Chainsaw on a Tire Swing

Blogging with teeth!

How can you tell if a file is UTF-8 encoded or not?

Say you want to know if a particular file is encoded using UTF-81. On a UNIX box, you could just use the file command:

1
2
3
4
$ file *.txt
Housman - Loveliest of trees.txt:  ASCII English text
Millay - First fig.txt:UTF-8 Unicode English text
Yeats - When You Are Old.txt:  ASCII English text

Now, I know that’s not right. I created the Housman & the Yeats files using vim, & vim is set to use UTF-82, so something is funny somewhere.

In poking around to try to figure out a better method to find out if a file is UTF-8 or not, I discovered just the command I needed: isutf8. Yes, the name of the command is “is UTF8” all crammed together & lowercased, which certainly makes it easy to remember. It’s part of the moreutils package that you can download & install. Here’s how I did it.

On my Linux box running Debian:

1
2
3
4
5
6
7
# apt-get install moreutils
Need to get 53.3 kB of archives.
After this operation, 188 kB of additional disk space will be used.
Get:1 http://http.us.debian.org/debian/ squeeze/main moreutils amd64 0.41 [53.3 kB]
Fetched 53.3 kB in 0s (163 kB/s)

On my Mac, using Homebrew3:

1
2
3
4
5
$ brew install moreutils
==> Downloading http://mirrors.kernel.org/debian/pool/main/m/moreutils/moreutils_0.45.tar.gz
######################################################################## 100.0%
==> make isutf8 ifne pee sponge mispipe lckdo parallel
/usr/local/Cellar/moreutils/0.45: 15 files, 148K, built in 3 seconds

Now that isutf8 was installed, I tried again to see if those text files were UTF-8:

1
2
$ isutf8 *.txt
$ 

That’s right—nothing. As it should be. In typical UNIX fashion, no news is good news, & means that the command did NOT find any files that were NOT UTF-8. Or, to put it another way, all three text files were in fact UTF-8, so the command did nothing.

Let’s see what happens with some other files:

1
2
3
4
$ isutf8 *
Messenger Bags.numbers: line 1, char 1, byte offset 12: invalid UTF-8 code
Student Paper.doc: line 1, char 1, byte offset 1: invalid UTF-8 code
Tix.jpg: line 1, char 1, byte offset 1: invalid UTF-8 code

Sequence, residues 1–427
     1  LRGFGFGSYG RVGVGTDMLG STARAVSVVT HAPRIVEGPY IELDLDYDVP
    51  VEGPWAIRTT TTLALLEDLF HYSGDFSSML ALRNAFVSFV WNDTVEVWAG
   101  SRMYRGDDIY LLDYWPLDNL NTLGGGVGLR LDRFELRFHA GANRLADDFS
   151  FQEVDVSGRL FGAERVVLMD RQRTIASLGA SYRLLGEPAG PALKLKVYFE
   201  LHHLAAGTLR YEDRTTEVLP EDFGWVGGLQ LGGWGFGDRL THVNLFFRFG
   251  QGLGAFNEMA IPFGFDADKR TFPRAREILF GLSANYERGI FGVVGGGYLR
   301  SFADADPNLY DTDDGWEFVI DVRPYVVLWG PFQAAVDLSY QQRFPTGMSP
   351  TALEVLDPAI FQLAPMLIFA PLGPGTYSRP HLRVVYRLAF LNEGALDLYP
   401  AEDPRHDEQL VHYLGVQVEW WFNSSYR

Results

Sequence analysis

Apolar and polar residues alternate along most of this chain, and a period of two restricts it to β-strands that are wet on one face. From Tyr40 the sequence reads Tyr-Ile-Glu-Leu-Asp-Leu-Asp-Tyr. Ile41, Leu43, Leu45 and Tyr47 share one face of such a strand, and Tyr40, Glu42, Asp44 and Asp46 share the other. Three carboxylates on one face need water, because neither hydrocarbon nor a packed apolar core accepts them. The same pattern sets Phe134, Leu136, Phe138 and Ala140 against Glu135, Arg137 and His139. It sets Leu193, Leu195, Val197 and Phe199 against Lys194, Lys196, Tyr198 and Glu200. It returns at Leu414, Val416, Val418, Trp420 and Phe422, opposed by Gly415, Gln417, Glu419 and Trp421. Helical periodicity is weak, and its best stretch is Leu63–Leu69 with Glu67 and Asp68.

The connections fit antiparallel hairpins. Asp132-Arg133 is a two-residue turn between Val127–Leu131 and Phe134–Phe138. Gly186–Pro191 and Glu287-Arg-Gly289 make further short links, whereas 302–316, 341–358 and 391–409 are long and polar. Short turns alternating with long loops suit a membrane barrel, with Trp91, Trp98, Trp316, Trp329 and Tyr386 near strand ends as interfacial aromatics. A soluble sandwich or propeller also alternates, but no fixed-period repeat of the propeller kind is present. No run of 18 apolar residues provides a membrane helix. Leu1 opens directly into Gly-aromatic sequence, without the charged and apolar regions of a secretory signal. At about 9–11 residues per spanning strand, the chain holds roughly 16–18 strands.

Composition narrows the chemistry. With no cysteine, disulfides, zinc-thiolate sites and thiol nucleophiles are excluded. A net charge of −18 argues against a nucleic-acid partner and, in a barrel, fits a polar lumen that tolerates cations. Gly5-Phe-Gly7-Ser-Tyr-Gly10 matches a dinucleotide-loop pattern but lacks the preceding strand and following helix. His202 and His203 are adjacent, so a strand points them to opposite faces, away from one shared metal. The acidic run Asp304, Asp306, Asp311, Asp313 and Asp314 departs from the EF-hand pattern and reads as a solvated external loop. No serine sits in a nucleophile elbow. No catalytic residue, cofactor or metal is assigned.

Yep. Those were definitely not UTF-8 encoded.

I don’t think I’ll be using isutf8 constantly, but it’s sure a handy little tool to have around.4

  • chronic: runs a command quietly unless it fails
  • combine: combine the lines in two files using boolean operations
  • ifdata: get network interface info without parsing ifconfig output
  • ifne: run a program if the standard input is not empty
  • isutf8: check if a file or standard input is utf-8
  • lckdo: execute a program with a lock held
  • mispipe: pipe two commands, returning the exit status of the first
  • parallel: run multiple jobs at once
  • pee: tee standard input to pipes
  • sponge: soak up standard input and write to a file
  • ts: timestamp standard input
  • vidir: edit a directory in your text editor
  • vipe: insert a text editor into a pipe
  • zrun: automatically uncompress arguments to command
  1. If you don’t know what UTF-8 is, read the Wikipedia article. Here’s the upshot: you want all your text editors & operating systems & web browsers to support & use UTF-8 by default. It makes life a lot easier.

  2. By putting set enc=utf-8 in my .vimrc file, of course.

  3. What? You’re not using Homebrew? Head over to https://github.com/mxcl/homebrew & get that sucker installed! It’s far better than fink or MacPorts. More on Homebrew some other time.

  4. Eagle-eyed readers might have noticed a list of software packages that were installed along with isutf8 when I gave the Homebrew listing. Looking over the list at the moreutils site, I think I’m going to have a lot to play with & write about over the coming months:

Comments